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Messages - DaveB

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1
General Discussion / Re: importance of componentry
« on: July 11, 2014, 04:41:45 pm »
I have four touring / commuter bikes and have put tens of thousands of miles on them. Three have Dura Ace one has Ultegra... I have a couple other brakes with Dura Ace also. Never had a failure or a gum problem with any kind on of them. All this equipment is incredibly reliable. Also, instead of moving your hands to the unstable end of the bars away from the brakes to shift is, in my opinion dangerous. Not to mention more difficult to shift than STI.  The performance of Dura Ace is exceptional, even when compared to Ultegra. The idea you get bar end shifter because they are more reliable is silly. . If on the incredibly remote chance that something breaks on tour... there is Fed Ex virtually anywhere in North America, Europe and much of Asia. Perhaps if you are touring in sub saharan Africa, or Siberia in the winter. I can shift with my pinky with Dura Ace. Unless you are really constrained by money, I would get nothing else. If constrained, I would get the highest level you can afford. I have found you get what you pay for with Shimano.
I think Dura Ace is the last group you'd consider for a true touring bike.  There is no longer any triple crank or shifter option, a "compact double" (50/34) is the smallest chainring set available and the cassettes are 11-speed and none with very large big cogs.  It's a wonderful racing and sports riding group but out of place for touring. 

2
Gear Talk / Re: Why not use my [insert bike here] on GDMBR?
« on: July 08, 2014, 12:25:22 pm »
While possible, IMHO it's irresponsible to recommend an X-mart BSO for a ride like the GDMBR.
I think you are over reacting and the comment wasn't a "recommendation" to use a Walmart bike.  This forum gets a lot of questions about using basically unsuitable bikes for specific tours, etc. and the reply that a Walmart bike could be used was meant to be facetious. 

3
This is what I do also. I do as little tire changing as possible.
Yeah, that's my feeling too.  Sort of a let sleeping dog lie approach.  I once tried rotating a used front to the rear and replacing the front.  To my surprise the former front wore out very fast as a rear tire, much sooner than a new rear would have.  I expect the time and miles had effected the rubber even though there was little to no apparent wear.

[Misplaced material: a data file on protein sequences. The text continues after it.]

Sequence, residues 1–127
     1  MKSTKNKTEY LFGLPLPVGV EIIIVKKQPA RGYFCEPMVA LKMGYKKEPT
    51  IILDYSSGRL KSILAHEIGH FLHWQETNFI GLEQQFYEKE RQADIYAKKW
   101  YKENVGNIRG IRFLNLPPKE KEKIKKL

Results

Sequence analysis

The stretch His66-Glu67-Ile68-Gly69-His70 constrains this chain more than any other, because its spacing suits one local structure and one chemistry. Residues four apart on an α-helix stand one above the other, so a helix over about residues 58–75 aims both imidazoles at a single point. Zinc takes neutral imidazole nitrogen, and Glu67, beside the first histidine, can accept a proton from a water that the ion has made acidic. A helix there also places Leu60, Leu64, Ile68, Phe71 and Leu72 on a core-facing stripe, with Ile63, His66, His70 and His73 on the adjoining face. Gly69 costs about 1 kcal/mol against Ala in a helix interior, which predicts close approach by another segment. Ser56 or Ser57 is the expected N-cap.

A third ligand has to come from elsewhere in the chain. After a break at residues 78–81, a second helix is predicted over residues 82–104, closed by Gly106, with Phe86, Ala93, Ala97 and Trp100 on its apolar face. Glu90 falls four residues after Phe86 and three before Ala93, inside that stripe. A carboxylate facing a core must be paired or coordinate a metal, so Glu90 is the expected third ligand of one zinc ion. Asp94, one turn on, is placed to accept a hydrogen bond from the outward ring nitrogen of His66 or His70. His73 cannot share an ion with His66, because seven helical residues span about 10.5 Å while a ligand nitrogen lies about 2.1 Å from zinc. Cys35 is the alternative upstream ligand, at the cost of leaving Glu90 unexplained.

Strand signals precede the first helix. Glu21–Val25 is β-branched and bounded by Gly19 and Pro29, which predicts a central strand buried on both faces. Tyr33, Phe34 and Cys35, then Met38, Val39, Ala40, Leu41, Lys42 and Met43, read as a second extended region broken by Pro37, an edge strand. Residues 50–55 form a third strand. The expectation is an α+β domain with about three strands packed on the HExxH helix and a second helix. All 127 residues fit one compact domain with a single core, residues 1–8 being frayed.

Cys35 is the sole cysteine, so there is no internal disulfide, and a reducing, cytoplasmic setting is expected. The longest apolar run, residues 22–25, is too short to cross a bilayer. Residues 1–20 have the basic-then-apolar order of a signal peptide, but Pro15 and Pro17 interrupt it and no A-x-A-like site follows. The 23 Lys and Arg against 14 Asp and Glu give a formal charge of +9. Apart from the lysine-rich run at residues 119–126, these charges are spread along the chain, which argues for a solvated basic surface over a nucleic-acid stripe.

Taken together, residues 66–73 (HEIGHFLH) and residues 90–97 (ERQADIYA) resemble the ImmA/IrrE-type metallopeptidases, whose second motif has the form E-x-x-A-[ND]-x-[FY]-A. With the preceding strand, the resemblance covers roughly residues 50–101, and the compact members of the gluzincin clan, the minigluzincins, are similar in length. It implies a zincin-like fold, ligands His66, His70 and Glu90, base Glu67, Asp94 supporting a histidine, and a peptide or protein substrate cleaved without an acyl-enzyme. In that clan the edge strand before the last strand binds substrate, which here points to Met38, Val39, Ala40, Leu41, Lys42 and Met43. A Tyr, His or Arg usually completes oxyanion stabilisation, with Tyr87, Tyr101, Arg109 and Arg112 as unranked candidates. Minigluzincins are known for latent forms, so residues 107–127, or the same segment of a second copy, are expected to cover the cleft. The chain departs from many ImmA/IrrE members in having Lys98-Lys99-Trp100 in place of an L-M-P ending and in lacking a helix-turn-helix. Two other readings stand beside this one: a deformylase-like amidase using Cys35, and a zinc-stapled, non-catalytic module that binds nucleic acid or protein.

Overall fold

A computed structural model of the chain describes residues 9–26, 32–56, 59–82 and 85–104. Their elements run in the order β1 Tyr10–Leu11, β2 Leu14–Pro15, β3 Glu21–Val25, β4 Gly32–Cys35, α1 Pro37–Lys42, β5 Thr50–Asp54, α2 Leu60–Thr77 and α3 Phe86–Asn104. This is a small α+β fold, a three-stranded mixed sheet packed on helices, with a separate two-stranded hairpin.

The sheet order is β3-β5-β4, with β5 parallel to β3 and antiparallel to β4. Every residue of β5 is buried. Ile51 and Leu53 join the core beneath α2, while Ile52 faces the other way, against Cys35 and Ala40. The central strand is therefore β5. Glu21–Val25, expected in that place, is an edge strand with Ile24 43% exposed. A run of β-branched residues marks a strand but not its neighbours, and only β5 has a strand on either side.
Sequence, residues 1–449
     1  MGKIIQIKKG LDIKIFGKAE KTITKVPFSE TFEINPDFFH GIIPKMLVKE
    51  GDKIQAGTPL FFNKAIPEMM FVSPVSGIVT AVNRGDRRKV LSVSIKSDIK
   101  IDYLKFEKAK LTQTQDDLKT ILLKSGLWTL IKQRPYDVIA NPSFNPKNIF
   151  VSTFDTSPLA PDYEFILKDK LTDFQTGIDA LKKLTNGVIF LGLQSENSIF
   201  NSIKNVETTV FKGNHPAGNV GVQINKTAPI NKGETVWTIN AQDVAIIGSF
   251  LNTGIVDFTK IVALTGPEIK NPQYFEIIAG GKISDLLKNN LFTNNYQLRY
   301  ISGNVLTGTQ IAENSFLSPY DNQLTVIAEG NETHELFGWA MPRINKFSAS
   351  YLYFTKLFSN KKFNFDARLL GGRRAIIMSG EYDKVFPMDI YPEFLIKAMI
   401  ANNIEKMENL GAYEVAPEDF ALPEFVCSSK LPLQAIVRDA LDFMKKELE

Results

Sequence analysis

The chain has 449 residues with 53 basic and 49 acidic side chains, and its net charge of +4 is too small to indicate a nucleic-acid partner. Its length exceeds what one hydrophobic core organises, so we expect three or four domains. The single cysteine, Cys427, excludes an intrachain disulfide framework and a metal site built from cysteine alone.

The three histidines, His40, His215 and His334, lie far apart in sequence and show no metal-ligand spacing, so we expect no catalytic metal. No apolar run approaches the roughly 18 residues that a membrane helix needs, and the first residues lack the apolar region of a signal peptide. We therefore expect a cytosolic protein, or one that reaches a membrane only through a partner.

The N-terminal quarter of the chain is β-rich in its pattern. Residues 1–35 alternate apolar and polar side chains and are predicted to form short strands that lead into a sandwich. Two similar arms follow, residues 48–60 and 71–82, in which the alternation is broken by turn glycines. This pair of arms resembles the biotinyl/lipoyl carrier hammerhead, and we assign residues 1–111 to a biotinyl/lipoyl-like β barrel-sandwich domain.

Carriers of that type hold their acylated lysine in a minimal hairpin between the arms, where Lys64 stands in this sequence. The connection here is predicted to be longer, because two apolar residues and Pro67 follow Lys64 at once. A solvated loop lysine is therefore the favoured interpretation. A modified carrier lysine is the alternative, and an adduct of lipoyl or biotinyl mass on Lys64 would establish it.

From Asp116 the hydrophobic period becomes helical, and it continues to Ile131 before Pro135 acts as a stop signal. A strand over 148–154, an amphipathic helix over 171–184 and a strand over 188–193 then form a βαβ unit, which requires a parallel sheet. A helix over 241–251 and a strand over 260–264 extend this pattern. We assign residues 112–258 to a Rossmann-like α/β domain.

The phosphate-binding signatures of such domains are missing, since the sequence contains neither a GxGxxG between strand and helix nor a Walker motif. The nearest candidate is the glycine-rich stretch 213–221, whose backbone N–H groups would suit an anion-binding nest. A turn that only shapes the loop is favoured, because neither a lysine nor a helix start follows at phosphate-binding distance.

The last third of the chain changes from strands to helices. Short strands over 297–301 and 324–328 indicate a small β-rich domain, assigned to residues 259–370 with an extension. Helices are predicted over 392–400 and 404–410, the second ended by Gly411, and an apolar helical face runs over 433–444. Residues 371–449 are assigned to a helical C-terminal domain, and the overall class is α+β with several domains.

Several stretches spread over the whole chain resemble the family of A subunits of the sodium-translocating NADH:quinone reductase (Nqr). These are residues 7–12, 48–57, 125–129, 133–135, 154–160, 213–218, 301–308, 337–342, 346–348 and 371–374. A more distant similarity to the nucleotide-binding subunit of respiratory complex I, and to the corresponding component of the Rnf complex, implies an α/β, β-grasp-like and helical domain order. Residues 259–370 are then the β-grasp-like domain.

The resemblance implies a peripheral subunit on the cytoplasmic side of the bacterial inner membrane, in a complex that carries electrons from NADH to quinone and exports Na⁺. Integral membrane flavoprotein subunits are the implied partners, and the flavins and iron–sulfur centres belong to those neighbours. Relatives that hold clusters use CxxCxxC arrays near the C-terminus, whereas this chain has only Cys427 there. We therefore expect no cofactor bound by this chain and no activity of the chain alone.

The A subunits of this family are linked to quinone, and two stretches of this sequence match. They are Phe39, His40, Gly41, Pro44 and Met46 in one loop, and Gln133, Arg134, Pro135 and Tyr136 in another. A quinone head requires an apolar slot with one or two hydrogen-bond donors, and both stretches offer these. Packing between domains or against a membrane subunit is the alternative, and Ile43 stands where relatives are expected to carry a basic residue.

4
For all practical purposes, bike front tires don't wear at all.  Weigh a new front tire and weigh it again after say 5000 miles.  The weight loss bill be negligible while a rear tire under the same conditions will be worn down to the casing well before that.  Nevertheless, front tires do age and harden with years and miles and shouldn't be used forever.   

I start with two new tires and ride them until the rear is showing casing under the tread.   I replace the rear and keep the front.  When the second rear wears out, I then replace both.

5
Gear Talk / Re: Best foot wear for touring?
« on: June 21, 2014, 06:33:03 pm »
Sandals, even SPD compatible ones, are an acquired taste.  Not everyone is happy with them as either riding or casual shoes.  Full coverage riding shoes offer better coverage and impact protection but sandals as off-the-bike shoes may be attractive.

6
Gear Talk / Re: Best foot wear for touring?
« on: June 21, 2014, 09:01:26 am »
Once I tried clipless pedals and shoes I determined I would never go back to clips and straps.  You can use MTB-style pedals and shoes with recessed cleats that make walking quite tolerable so you don't have to change shoes at every stop.  I would want a pair of light shoes for overnight stops anyway as I wouldn't want to spend every waking hour of every day in the same shoes no matter what the type.

7
Nice looking bike.  However, and this is strictly a personal preference that you are completely free to ignore or disagree with.  I think stem shifters are the most inconvenient and awkward possible type.  They scream "cheap bike" but that isn't my main objection.  You have to remove one hand from the bars to use them but don't have the lower center of gravity that downtube shifters provide while shifting.  I'd either remount the levers as downtube shifters or mount them on the barend pods that Rivendell also sells.  For a bit more money and much better shifting convenience, you could mount those levers on "Retroshift" brake levers and have most of the convenience of brifters without the cost or complexity.

8
I'm sure Surly themselves would have recommendations.  Their web site description of the Ogre says; "Both fork and frame allow the use of a fender, disc brake, and rack at the same time.", so there must be suitable racks.  Contact them directly.

9
General Discussion / Re: Fantastic Commuting Infrastructure
« on: May 26, 2014, 04:41:14 pm »